AwardsLine: Did you have any symbolic ceremony to move away from Jesse when the series wrapped?
Paul: I made a joke on the last day of shooting that we should all get matching tattoos, and it snowballed into reality. It’s just a mark to remember—not that we’d ever forget. But the night I wrapped, I got on a plane straight from getting my tattoo. I flew out that night and had a call the next morning and just jumped right into it.
AwardsLine: Are you getting different kinds of offers these days?
Paul: Every time I see Vince Gilligan, I constantly thank him for my career because without him, who knows where I’d be. There’s zero rush to jump into everything and anything: Take stuff that challenges you and makes you think and makes you grow as well.
LINDA CARDELLINI (Mad Men, AMC)
AwardsLine: What sets Sylvia Rosen in Season 6 apart from Don Draper’s previous mistresses?
Cardellini: She’s the one that changed his trajectory. This stems from grappling with her Catholic guilt and Don (Jon Hamm) playing into that. When they are both caught by Sally Draper (Kiernan Shipka), it’s an important turn of events. My pace as an actress on the show is different from the fast-speed preparation taken by other actors. My scenes tend to be solely with Jon Hamm versus at the office. My interactions are secret and intimate with his character, so that was the dynamic on the set.
AwardsLine: Does Sylvia give Don a conscience?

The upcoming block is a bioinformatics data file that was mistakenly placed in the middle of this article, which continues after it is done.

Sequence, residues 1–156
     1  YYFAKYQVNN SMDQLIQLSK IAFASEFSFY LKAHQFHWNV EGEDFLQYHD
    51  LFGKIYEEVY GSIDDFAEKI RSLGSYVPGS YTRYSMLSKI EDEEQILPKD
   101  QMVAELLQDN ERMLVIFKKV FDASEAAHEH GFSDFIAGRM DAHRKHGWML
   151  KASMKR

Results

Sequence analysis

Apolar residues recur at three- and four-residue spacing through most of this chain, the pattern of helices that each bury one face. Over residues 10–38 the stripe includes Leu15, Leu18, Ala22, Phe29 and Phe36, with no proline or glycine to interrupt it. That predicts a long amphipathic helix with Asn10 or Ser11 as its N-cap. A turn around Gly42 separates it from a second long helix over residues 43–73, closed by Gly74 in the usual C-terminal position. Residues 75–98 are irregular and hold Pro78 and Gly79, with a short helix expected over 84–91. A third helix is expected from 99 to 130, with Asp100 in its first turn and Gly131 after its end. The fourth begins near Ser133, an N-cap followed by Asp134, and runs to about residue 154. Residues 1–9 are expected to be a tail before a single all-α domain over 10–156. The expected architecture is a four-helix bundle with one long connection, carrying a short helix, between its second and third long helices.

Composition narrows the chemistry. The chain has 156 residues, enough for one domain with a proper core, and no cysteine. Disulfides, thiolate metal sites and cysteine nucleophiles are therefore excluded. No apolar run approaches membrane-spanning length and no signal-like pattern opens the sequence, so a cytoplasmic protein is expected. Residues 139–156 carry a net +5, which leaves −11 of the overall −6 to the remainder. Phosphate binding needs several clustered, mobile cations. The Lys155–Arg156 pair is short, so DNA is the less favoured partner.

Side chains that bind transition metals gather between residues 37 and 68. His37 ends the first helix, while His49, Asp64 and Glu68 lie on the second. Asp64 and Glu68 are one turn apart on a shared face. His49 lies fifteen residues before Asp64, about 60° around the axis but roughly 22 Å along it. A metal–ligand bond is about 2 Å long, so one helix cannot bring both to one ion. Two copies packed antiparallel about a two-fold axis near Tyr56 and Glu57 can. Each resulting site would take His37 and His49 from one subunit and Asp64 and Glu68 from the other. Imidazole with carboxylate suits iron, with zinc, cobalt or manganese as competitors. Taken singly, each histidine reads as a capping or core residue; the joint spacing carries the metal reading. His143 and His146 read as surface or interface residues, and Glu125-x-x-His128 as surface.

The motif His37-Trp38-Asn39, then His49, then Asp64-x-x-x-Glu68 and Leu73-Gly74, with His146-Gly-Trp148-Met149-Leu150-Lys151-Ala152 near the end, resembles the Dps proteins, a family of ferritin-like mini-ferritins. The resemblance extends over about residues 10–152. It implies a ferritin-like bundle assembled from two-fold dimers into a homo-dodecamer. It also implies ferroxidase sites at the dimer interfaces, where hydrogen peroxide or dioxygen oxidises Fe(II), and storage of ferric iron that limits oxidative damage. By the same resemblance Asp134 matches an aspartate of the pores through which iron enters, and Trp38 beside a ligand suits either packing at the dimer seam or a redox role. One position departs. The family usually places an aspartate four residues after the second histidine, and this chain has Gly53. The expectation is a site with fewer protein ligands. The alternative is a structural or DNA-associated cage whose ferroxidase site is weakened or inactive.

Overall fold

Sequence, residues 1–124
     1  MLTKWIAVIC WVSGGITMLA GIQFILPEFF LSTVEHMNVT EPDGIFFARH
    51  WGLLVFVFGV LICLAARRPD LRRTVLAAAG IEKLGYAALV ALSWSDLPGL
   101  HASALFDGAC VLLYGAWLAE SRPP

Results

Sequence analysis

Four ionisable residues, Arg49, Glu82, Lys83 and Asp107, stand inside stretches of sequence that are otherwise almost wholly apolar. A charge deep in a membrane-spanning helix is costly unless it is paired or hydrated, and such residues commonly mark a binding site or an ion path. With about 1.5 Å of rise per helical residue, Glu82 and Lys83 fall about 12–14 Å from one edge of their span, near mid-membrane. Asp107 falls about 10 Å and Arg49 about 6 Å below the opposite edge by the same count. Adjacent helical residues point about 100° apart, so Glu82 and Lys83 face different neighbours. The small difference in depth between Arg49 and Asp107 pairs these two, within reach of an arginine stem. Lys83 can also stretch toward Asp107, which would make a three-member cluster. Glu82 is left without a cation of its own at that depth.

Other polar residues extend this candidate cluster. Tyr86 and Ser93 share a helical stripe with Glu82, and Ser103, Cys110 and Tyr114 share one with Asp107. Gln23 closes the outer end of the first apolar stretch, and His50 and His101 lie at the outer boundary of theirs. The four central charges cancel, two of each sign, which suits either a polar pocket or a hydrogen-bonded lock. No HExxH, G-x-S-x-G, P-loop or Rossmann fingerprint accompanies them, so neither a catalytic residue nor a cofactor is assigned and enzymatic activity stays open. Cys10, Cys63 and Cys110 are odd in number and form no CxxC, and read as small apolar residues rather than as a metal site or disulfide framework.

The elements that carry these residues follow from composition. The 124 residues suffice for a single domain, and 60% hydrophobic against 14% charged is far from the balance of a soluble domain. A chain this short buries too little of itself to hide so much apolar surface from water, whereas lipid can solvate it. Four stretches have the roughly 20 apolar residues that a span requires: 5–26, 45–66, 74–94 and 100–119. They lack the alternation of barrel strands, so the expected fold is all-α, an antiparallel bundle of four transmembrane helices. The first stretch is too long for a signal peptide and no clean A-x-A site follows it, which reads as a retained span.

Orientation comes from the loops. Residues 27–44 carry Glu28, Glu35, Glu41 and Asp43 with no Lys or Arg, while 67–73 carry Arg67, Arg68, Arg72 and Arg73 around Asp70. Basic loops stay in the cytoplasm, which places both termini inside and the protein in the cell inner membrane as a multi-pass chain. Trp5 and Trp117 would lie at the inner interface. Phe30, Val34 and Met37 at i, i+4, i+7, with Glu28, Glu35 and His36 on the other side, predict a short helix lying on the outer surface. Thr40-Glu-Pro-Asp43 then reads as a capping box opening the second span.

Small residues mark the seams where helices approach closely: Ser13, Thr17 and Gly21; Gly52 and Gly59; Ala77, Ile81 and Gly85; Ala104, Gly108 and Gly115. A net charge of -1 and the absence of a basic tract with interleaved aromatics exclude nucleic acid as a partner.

Cardellini: If anything, Don getting caught and being accountable to his daughter changes things. He’s already on a downward spiral.
AwardsLine: How does Matthew Weiner work with his actors?
Cardellini: At first, Matt only gave me minimal pieces of information about her and what the arc would be. Thereafter, whenever I had a question, he had everything so well drawn out. He is always there to listen, a resource on the set. What a great thing to know that you’re playing an important part of a larger thing. Whatever my role meant to me in Season 6, it means something greater in the entire series.
ROBERT MORSE (Mad Men, AMC)
AwardsLine: Tell us about auditioning for the role of Bertram Cooper.
Morse: My agent called and asked if I would read for this new series, and I thought, “Oh, God, not another rejection.” Whenever I meet people on auditions, it’s like interviewing for a job where they forget my previous work (on the musical How To Succeed In Business Without Really Trying). The chances of getting on a series are slim as they only hire so many elderly people. I walked into the office, and they give me two pages. I couldn’t understand six lines, so I turn to the intern, and I ask for his interpretation. It turns out, he wasn’t an intern, it was Matt Weiner. I received the part a few days later, and when I met Matt, he said, “I have great respect for you. During college, I traveled to New York to see you in How To Succeed.” He was touched by my performance and has a great memory of me. One time at a party, I sang “I Believe in You” to him.
AwardsLine: Despite his age and all the craziness around him, Bertram Cooper isn’t necessarily the moral compass on the show.
Morse: He enjoys watching the turmoil around the office. In Season 1, when Pete Campbell (Vincent Kartheiser) accuses Don Draper (Jon Hamm) of being a charlatan, Bert’s response was, “Who cares!” I quoted some old Japanese saying and scolded Pete for gossiping in the office.
AwardsLine: What’s the backstory behind Bert running around in his socks?
Morse: During Season 1, Matt and the directors instructed me to walk down the hallway in my argyle socks. When I asked why, they told me that I would learn in a future episode. Essentially, Bert admires Japanese culture. Therefore, I always take my shoes off and those entering my office have to take their shoes off. That wasted about five minutes of camera time.